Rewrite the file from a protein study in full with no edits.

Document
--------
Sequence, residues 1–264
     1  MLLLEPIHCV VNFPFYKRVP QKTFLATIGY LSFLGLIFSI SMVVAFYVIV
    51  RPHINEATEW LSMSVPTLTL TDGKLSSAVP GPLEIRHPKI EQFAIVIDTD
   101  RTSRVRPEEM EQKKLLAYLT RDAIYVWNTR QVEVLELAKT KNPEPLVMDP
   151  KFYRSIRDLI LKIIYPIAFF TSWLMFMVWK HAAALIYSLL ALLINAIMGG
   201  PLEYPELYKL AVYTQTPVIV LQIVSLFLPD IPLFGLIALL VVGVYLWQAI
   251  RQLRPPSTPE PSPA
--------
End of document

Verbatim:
Sequence, residues 1–264
     1  MLLLEPIHCV VNFPFYKRVP QKTFLATIGY LSFLGLIFSI SMVVAFYVIV
    51  RPHINEATEW LSMSVPTLTL TDGKLSSAVP GPLEIRHPKI EQFAIVIDTD
   101  RTSRVRPEEM EQKKLLAYLT RDAIYVWNTR QVEVLELAKT KNPEPLVMDP
   151  KFYRSIRDLI LKIIYPIAFF TSWLMFMVWK HAAALIYSLL ALLINAIMGG
   201  PLEYPELYKL AVYTQTPVIV LQIVSLFLPD IPLFGLIALL VVGVYLWQAI
   251  RQLRPPSTPE PSPA